Frequent flyer programme (FFP)

Photo of Tom

Adding to a long list of pioneering initiatives, Great Ormond Street Hospital (GOSH) has set up the first ever cystic fibrosis frequent flyer programme in England. But what is it and how is it making a difference for our patients?

For people with cystic fibrosis (CF), daily life is tough. Cystic fibrosis is one of the UK’s most common life-threatening inherited diseases. It affects the internal organs, especially the lungs and digestive system, by clogging them with thick sticky mucus.

People with cystic fibrosis have to undergo intensive daily physiotherapy sessions to help clear their lungs, and have specific nutritional needs. Due to the nature of the disease, they often have to spend long periods of time in hospital.

The scheme

The CF team at GOSH developed the frequent flyer programme (FFP) to enable cystic fibrosis patients to spend more time at home without the need to be admitted to hospital.

Ammani Prasad, CF Manager at GOSH said: "We started the programme in September 2010. Each child received intensive home physiotherapy (including optimising airway clearance and inhaled mucolytic techniques) and individually tailored exercise training at a local fitness facility.

"We also looked closely at their nutritional requirements as we believe careful attention to dietary issues significantly affects this group."


The CF team recruited their top 15 frequent flyers, children who have required more than 40 days of intravenous antibiotics in hospital over the last year.

"We have seen improvements in a number of outcomes, with some of the children able to spend more time at home because we have increased the amount of time between their routine hospital admissions.

"Some of these patients are also showing an improvement in lung function and exercise tolerance which is excellent. They are also reporting they experience less of a dip in their general quality of health before they have to come in to hospital.”

"In the future we hope to explore the impact of this programme on the long-term outcomes of these patients, and to extend it out to a wider population within our clinic."

The CF team reported one-year findings of the programme to the Trust in October 2011.

Chief Executive Jane Collins said: "I would like to congratulate the CF team for their persistence and ongoing hard work with this project. It is a great example of how the Trust takes a multidisciplinary approach to much of its work and we hope this programme will benefit many more of our patients in the future."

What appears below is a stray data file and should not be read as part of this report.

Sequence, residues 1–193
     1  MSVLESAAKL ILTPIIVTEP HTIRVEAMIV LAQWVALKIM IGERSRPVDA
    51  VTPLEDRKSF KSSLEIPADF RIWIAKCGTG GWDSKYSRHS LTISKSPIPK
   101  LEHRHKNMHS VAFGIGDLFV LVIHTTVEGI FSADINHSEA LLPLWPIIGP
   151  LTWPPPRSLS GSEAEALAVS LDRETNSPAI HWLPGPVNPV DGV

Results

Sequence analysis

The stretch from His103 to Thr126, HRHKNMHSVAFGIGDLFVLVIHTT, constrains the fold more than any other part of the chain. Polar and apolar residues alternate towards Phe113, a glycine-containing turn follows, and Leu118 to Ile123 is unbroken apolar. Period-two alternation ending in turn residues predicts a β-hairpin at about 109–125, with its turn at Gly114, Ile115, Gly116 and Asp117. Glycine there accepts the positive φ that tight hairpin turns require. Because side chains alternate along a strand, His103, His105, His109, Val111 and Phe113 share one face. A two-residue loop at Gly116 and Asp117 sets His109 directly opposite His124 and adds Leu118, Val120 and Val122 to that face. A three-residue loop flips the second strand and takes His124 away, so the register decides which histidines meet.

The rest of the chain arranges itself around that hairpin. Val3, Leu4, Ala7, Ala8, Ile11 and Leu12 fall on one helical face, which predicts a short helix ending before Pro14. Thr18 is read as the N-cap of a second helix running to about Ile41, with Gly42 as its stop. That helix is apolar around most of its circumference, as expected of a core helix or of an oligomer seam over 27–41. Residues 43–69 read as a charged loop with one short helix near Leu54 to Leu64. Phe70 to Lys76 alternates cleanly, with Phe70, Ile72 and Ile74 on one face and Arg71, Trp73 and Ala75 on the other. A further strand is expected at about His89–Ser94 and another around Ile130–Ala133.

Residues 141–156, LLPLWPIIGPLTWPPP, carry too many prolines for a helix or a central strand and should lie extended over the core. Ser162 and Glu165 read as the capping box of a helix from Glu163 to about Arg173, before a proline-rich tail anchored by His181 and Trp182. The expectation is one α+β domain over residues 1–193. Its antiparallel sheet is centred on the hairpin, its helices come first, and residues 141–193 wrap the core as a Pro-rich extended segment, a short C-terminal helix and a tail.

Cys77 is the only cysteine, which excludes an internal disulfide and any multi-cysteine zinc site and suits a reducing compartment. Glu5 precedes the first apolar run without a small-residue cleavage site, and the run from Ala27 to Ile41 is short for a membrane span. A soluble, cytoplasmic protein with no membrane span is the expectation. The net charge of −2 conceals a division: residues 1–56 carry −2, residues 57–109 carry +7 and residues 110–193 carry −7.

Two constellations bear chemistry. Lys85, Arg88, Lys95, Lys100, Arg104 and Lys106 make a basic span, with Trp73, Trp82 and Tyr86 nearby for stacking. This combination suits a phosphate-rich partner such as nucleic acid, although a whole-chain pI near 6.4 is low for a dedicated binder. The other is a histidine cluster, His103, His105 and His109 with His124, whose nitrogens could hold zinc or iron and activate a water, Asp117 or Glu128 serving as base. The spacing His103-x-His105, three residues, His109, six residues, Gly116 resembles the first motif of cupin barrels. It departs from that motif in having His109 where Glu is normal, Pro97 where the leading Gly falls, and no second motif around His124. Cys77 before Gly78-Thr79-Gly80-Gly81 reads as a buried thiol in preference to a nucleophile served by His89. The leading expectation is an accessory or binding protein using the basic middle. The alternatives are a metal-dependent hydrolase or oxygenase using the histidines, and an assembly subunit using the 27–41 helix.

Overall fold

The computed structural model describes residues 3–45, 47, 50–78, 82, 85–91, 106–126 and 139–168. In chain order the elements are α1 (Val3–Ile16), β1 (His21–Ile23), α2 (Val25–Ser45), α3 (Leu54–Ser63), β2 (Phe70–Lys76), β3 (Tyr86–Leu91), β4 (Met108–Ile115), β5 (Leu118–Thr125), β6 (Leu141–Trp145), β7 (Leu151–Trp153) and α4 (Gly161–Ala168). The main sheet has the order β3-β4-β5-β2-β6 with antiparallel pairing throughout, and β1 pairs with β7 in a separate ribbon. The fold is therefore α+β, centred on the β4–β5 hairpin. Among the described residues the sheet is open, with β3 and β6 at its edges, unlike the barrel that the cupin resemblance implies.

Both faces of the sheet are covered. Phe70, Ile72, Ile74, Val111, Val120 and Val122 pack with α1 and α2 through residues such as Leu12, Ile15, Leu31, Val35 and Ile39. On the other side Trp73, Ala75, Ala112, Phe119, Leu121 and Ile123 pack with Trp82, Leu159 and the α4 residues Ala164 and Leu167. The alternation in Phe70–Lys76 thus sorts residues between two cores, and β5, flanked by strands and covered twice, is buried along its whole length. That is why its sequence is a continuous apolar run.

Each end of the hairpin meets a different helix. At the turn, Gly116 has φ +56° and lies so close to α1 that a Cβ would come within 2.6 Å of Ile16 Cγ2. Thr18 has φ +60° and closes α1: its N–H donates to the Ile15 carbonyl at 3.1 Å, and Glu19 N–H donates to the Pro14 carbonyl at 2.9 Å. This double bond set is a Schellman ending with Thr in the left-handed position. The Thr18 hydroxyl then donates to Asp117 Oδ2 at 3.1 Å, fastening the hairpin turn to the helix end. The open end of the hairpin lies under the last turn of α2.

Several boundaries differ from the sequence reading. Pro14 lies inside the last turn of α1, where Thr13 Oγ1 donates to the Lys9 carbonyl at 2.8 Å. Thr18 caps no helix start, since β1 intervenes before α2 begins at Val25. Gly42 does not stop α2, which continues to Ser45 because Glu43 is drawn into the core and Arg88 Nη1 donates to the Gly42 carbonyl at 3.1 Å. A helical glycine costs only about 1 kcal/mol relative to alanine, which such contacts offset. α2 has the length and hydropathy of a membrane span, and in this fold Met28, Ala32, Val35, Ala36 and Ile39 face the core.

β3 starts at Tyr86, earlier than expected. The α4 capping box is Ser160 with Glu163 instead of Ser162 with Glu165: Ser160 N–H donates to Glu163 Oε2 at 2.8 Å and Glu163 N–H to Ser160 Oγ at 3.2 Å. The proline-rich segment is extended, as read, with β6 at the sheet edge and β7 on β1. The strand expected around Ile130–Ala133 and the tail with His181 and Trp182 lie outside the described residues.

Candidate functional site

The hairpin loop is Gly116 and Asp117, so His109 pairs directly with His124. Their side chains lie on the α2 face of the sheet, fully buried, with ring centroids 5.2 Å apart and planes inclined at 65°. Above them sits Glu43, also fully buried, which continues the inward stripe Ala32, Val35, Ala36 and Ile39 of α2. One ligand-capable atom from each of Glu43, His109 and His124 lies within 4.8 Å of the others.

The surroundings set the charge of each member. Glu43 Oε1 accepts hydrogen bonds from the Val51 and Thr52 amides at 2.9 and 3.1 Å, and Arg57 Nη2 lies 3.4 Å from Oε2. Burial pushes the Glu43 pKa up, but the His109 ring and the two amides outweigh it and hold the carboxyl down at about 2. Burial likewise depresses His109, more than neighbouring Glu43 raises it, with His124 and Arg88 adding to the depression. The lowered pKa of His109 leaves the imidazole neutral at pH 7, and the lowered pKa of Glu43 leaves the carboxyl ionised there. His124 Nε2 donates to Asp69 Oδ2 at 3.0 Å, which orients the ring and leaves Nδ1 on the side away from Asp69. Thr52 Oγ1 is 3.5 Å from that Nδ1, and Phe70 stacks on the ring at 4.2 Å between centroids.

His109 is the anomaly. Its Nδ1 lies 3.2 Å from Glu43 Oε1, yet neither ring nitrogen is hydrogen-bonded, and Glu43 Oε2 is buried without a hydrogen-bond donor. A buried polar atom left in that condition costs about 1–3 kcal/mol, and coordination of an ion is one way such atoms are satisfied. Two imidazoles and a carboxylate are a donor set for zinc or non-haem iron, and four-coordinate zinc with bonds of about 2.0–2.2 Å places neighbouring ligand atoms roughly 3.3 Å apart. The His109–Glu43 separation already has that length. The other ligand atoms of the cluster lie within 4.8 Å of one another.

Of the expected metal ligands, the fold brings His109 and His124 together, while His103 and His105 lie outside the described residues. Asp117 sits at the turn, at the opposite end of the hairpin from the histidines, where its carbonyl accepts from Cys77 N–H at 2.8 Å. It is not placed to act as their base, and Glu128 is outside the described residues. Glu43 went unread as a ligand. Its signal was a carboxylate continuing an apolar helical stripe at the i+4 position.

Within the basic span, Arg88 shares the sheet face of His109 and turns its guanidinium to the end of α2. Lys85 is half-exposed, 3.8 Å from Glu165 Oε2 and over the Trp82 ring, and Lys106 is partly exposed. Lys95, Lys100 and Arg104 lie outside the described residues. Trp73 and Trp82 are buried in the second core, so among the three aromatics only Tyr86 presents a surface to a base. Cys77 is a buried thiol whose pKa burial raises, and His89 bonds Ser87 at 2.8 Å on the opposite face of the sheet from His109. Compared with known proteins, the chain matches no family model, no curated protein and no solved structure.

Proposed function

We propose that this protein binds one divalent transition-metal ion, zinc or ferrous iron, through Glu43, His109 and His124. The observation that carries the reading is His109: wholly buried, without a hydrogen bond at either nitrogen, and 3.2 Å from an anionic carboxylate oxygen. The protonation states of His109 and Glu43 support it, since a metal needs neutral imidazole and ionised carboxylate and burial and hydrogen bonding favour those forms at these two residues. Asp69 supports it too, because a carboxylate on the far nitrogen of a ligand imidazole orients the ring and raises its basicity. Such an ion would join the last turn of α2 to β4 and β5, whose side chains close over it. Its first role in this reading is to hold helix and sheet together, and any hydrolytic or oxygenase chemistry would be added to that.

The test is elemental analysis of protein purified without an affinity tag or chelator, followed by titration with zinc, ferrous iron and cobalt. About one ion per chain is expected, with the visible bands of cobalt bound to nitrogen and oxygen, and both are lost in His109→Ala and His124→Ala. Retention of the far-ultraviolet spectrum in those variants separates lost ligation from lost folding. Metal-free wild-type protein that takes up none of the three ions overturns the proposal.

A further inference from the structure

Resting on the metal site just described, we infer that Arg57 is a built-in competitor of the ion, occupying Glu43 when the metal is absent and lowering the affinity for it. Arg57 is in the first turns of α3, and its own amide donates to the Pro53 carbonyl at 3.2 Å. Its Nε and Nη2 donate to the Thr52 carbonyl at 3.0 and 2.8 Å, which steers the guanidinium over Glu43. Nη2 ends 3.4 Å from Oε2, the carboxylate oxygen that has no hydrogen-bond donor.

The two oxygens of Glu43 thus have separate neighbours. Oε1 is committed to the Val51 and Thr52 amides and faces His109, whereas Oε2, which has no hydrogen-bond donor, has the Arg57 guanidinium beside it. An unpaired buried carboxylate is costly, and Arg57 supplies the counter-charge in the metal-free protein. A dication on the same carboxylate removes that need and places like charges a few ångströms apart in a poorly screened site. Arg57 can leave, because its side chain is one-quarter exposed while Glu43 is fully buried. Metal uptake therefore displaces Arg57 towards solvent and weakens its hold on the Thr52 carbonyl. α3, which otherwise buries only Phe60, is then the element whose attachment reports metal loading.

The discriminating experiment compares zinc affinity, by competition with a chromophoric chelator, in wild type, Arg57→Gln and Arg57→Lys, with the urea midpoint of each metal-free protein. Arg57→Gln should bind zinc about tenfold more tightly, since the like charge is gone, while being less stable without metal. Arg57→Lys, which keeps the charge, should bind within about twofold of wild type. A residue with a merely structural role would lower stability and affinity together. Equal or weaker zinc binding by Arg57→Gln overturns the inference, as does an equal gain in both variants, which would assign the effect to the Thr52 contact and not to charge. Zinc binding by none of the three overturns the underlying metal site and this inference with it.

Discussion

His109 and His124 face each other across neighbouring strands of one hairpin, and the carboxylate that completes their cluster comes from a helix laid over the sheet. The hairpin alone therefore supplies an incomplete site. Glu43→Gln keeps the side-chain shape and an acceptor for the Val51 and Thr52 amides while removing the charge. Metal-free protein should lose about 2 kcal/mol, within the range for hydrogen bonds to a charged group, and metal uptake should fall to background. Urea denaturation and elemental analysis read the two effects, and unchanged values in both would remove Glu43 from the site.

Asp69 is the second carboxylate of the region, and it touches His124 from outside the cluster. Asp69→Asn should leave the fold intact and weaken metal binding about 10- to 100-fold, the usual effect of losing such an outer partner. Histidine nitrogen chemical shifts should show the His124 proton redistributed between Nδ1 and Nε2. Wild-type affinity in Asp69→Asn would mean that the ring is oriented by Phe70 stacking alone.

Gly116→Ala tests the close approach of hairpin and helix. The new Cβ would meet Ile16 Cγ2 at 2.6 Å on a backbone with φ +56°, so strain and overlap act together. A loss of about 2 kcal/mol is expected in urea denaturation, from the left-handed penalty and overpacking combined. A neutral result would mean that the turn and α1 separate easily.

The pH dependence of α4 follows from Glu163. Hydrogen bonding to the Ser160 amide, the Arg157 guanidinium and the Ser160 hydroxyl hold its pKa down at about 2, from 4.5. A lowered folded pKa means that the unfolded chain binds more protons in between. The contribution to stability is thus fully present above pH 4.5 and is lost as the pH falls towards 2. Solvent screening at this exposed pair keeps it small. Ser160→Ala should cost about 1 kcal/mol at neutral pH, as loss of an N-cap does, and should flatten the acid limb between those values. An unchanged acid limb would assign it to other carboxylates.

Great Ormond Street Hospital Children’s Charity is funding a major three-year research programme into cystic fibrosis.

Meet Tom, 14

Tom was diagnosed with cystic fibrosis when he was six weeks old. By the age of nine, he was spending two to three weeks in hospital every couple of months for IV antibiotic treatment.

Tom was one of the first patients to enrol on the frequent flyers programme. His home physiotherapy routine was monitored regularly. He also attended a weekly personal training programme at Hertfordshire Village Sports, which included 20-30 minutes of high intensity cardiovascular training, followed by 20-30 minutes of strength and core-conditioning training. 

Tom’s mum Karen told us about the programme: "The physiotherapist comes out to see Tom once a week after school, and has made Tom appreciate just how important having excellent fitness is as a CF patient.

"Tom now plays for two football teams and goes to the gym on a weekly basis for a 60-minute personal training session. It is wonderful to see him doing lots of the same things as his peers.

"Tom also has a designated dietitian which is an important part of the programme. CF patients need to maintain a healthy weight, as being underweight or losing too much weight can reduce their lung function. The programme has been fantastic for him and for us as a family. It has made a huge difference to Tom’s health and he now has a much better quality of life."

Thanks to the frequent flyers programme, Tom is able to exercise at the same level or sometimes higher than his peers at school and maintains a good weight. His aerobic fitness has improved and his muscles are stronger - as a result his lung function has also improved.

Most importantly for Tom, his hospital admissions have been reduced by half when compared to the previous year, meaning Tom is now spending more time at school and socialising with his friends.